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Shoot like a pro in 5 steps: outdoor photographer Matt Holland on rivers

Matt’s choice of a 25mm focal length (50mm equivalent) is truer to the eye’s natural view than a wide-angle lens (Image credit: Matt Holland)
Meet the pro: Matt Holland


(Image credit: Future/Lauren Scott)

Matt is an outdoor photographer based in southwest England. He combines his love of taking photos with the outdoors, and runs workshops, teaching others how to wild camp and navigate, as well as capture shots. Matt is also a graphic designer and head of marketing for Kase Filters UK. 

@matthollandphoto  (opens in new tab) (opens in new tab)

Every month in Digital Photographer magazine (opens in new tab), we shadow a pro photographer and glean their tips, tricks and techniques on a different genre of image-making.

We recently met Matt Holland for an outdoor shoot in the West Country, exploring the rugged landscapes of Dartmoor National Park in Devon, England, near where Matt now calls home.

He’s an expert on the area, and runs guided tor walks, backpack camping experiences and photography workshops all year round as part of his Discover Dartmoor portfolio. 

(Image credit: Future/Lauren Scott)

Our first shooting location was at Dewerstone Rocks, Shaugh Prior, a spot that Matt’s looked up in detail online but hasn’t been to before – a bit of a recce then.

“I typically begin with Google Maps when I’m starting from scratch with a location,” Matt says. “I’ll find out where car parks are, and look across to Flickr to see if anyone else has got something similar. Most of the time I know the rough area."

Dewerstone Rocks features a magical woodland, a raging river and rocky terrain, and Matt was ready to set up at the riverbank and show us his approach to capturing the water with a slow exposure to freeze movement.

Shoot a river scene in 5 steps

(Image credit: Future/Lauren Scott)

1. Frame with your phone

“I often tell people to try this first if they don’t understand composition well. It takes away the complications of filters and means they can focus on the scene.”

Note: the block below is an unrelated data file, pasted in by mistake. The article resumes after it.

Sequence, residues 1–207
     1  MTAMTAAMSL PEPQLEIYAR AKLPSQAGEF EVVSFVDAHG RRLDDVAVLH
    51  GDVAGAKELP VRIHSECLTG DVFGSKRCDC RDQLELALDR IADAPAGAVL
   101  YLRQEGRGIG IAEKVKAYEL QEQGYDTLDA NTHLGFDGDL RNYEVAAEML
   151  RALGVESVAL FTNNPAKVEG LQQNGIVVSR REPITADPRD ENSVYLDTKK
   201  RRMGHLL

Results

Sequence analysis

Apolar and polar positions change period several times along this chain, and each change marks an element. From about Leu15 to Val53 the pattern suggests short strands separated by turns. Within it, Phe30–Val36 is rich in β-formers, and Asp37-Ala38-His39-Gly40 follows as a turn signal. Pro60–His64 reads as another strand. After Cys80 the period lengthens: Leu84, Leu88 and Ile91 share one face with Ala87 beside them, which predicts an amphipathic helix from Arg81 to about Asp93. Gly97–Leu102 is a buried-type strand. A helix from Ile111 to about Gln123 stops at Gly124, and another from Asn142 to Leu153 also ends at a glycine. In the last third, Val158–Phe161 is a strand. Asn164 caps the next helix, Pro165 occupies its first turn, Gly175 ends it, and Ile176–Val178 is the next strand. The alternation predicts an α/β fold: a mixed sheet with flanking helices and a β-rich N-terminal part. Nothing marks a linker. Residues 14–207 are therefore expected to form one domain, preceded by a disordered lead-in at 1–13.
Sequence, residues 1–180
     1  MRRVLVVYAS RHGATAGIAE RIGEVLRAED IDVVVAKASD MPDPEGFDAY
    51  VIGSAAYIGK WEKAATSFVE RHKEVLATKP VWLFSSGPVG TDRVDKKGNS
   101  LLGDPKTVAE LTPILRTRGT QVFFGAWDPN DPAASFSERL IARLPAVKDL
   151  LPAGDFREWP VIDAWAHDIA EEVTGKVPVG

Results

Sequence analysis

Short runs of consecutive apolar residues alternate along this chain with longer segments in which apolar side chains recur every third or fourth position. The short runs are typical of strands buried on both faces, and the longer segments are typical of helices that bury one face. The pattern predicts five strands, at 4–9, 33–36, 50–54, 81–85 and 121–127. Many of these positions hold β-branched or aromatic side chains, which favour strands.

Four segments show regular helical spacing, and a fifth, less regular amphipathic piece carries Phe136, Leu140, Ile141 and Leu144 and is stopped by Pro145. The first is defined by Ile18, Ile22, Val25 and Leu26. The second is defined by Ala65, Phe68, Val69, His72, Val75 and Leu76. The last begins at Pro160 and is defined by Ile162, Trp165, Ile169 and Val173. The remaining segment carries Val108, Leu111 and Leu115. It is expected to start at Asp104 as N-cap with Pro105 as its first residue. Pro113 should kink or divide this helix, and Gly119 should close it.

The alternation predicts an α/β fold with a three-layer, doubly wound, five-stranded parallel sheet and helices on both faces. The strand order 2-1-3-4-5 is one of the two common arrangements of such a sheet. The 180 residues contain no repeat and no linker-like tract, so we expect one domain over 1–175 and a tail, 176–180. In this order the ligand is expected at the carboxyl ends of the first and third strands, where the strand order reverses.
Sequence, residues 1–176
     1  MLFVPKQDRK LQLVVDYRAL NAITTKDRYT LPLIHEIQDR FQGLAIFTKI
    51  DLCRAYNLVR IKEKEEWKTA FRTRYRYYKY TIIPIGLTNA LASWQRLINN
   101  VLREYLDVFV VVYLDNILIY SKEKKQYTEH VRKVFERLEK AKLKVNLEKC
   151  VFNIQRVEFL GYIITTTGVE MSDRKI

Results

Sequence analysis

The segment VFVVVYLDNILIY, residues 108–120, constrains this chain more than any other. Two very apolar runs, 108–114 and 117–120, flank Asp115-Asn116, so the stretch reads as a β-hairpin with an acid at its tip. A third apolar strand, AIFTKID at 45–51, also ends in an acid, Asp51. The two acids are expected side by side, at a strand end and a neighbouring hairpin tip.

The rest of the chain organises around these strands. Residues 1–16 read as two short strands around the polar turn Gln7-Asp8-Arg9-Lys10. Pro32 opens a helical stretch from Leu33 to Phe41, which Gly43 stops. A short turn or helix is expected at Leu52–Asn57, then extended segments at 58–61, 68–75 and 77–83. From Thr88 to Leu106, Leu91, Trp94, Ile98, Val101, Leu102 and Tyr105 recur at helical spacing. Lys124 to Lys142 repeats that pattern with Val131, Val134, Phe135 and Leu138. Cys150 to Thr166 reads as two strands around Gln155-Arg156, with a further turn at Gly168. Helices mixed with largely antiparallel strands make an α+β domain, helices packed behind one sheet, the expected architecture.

(Image credit: Future/Lauren Scott)

2. Steady the tripod

Matt extends his tripod legs to different heights so that his camera has a sturdy base on uneven ground or in the river. The spikes at the base of the legs also help with stability.

(Image credit: Future/Lauren Scott)

3. Shoot in manual

Matt tends to shoot in Manual mode, setting his ISO as low as 64 for shots on a tripod. For blurred water imagery, he starts with a fairly narrow aperture of around f/8.

(Image credit: Future/Lauren Scott)

4. In-camera features

Matt selects Live ND shooting and Tripod High Res Shot mode from the menu of his Olympus camera. The benefit is that he can shoot RAW images up to 80MP.

(Image credit: Future/Lauren Scott)

5. Try both orientations

“I encourage people to get portrait and landscape options in the same spot, as they might wish they’d taken a different orientation later. It usually takes seconds to change.”

(Image credit: Future/Lauren Scott)

Matt finds the debate about the quality of Micro Four Thirds cameras a bit of a bore, especially when it comes to photographers comparing specs on paper. He loves the tilt screen of his camera for composing scenes, as well as the hardiness of its build for rough weather. 

There are some features of the E-M1 III that are unique to Olympus, and he uses these a lot for long-exposure shots down by the river. “Live ND Simulation and High Res mode are just amazing. I’m obviously a big fan of using [Kase] filters in-camera, but if I can’t, then the simulation really does work.” 

It’s at this point that Matt realises he’s dropped his polariser in the river. Unfazed by this, we decide move on to our next location, Sharpitor, to capture some wider views and pony portraits... 

Read more: 

10 landscape photographers to follow in 2021 (opens in new tab)
Best cameras for landscape photography in 2021 (opens in new tab)
Use a fisheye lens for 'serious' landscape photography (opens in new tab)

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Lauren is the Managing Editor of Digital Camera World, having previously served as Editor of Digital Photographer (opens in new tab) magazine, a practical-focused publication that inspires hobbyists and seasoned pros alike to take truly phenomenal shots and get the best results from their kit. 

An experienced photography journalist who has been covering the industry for over eight years, she has also served as technique editor for both PhotoPlus: The Canon Magazine (opens in new tab)PhotoPlus: The Canon Magazine and DCW's sister publication, Digital Camera Magazine (opens in new tab)

In addition to techniques and tutorials that enable you to achieve great results from your cameras, lenses, tripods and other photography equipment, Lauren can regularly be found interviewing some of the biggest names in the industry, sharing tips and guides on subjects like landscape and wildlife photography, and raising awareness for subjects such as mental health and women in photography.